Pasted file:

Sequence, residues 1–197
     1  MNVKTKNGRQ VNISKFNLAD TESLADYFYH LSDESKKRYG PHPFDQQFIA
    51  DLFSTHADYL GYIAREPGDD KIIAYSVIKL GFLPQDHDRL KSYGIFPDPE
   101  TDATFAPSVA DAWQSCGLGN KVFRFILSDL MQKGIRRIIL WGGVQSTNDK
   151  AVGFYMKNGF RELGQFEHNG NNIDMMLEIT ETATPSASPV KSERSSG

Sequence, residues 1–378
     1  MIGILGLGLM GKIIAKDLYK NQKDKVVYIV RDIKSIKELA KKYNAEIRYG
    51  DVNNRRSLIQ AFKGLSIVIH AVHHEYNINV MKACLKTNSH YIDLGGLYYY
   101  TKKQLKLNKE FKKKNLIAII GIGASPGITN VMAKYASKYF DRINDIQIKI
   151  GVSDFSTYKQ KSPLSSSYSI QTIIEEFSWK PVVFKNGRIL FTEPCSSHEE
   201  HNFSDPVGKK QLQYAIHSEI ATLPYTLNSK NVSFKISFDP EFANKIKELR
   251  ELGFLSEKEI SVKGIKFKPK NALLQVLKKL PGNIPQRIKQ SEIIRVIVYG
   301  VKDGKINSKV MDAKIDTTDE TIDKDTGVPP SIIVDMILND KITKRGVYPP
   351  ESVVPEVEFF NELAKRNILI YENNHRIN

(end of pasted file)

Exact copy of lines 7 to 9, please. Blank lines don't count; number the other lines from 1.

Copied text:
     1  MIGILGLGLM GKIIAKDLYK NQKDKVVYIV RDIKSIKELA KKYNAEIRYG
    51  DVNNRRSLIQ AFKGLSIVIH AVHHEYNINV MKACLKTNSH YIDLGGLYYY
   101  TKKQLKLNKE FKKKNLIAII GIGASPGITN VMAKYASKYF DRINDIQIKI